Budgets Got Busted, Not Balanced
Even before a city is awarded the distinction of hosting the Olympics games, they have to present an operating budget to not only the Olympic committee but their governments as well. Much of the budget is expected to go into infrastructure costs, and it is presumed, as for any mega project, that overages will occur. A study conducted by the Said Business School at the University of Oxford found that sports-costs for Olympic games were $3.6 billion alone, a pretty penny for any country. The last two Olympics have laughed at that number and bypassed.
When Russia bid for the Winter Olympics games in 2007, the country aimed to hover around the $12 billion mark, but as costs arrived, the number ballooned to $50 billion. It may be one thing to go a few billion over, but to double and even quadruple the budget seems disastrous. Much of that overspending can be assigned to Sochi’s state — which was not in the best shape to host a major, protracted sporting event — when the city was awarded the games.
While the Sochi Winter games blew past their budget, Rio has managed to keep its overruns slightly contained. Oxford University released a report finding Rio has only gone $1.6 billion over the proposed $3 billion budget. But even with a slight overrun, Rio has been slow to complete final preparations for the games. In fact, the Olympic committee called it “the worst” it has ever seen. And that is even compared to the mess that was the 2004 Athens Summer games.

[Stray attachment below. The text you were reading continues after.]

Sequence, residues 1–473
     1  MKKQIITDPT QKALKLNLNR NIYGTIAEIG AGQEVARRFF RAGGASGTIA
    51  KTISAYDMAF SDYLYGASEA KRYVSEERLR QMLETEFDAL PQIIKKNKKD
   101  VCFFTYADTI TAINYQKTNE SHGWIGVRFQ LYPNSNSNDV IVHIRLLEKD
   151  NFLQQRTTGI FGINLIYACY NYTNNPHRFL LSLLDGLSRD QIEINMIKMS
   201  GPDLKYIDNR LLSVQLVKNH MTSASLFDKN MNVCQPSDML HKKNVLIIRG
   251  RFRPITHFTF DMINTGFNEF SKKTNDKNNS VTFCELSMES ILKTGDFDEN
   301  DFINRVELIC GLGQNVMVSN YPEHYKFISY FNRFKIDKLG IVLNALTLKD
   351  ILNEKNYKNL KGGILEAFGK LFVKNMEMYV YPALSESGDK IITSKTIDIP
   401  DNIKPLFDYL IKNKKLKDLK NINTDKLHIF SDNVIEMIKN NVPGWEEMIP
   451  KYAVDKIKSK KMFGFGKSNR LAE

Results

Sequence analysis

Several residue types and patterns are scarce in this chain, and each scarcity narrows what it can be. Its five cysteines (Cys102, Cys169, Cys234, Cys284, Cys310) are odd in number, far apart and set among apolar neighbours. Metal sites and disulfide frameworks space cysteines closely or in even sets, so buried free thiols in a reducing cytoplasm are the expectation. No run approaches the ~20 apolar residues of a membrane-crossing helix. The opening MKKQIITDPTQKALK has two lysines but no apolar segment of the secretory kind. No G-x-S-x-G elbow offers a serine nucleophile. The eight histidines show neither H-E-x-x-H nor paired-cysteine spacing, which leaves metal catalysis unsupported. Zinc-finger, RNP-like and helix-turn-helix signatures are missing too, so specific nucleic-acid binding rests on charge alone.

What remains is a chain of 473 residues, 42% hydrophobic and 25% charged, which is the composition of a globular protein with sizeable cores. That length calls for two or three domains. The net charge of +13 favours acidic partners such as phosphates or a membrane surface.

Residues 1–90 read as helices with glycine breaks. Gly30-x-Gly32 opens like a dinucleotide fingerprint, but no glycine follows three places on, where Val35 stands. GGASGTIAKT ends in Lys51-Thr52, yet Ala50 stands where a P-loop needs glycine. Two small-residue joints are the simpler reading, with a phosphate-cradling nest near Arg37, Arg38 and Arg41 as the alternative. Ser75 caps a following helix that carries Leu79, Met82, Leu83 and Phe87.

Government Corruption And Financial Ruin
The budget for the 2016 games may pale in comparison to the Sochi Olympics, but Rio is facing an immense level of economic and governmental chaos. This differs from what happened in Sochi. With a former KGB agent at the head of the government, one would assume President Vladimir Putin would use all his power to ensure the winter games went off without a hitch. Well, the employed methods were more than unorthodox and may come back to haunt the country as the Rio Summer games inch closer.
Unlike the controlled Russian government, Rio and its political landscape are in disarray. Brazilian President Dilma Rousseff awaits an impeachment trial, and the city of Rio has declared a “State of Calamity,” meaning the broke state government will not be able to meet its financial responsibilities for the games. It’s a tough economic blow to a city that could have used the games’ goodwill to get back on track. The situation has grown so bad that Rio de Janeiro is not able to pay municipal workers, and thanks to a corruption scandal, the main revenue industries — oil and gas — aren’t able to properly contribute to the economy. The federal government did provide a bailout, but it only seems to bandage a much larger cut.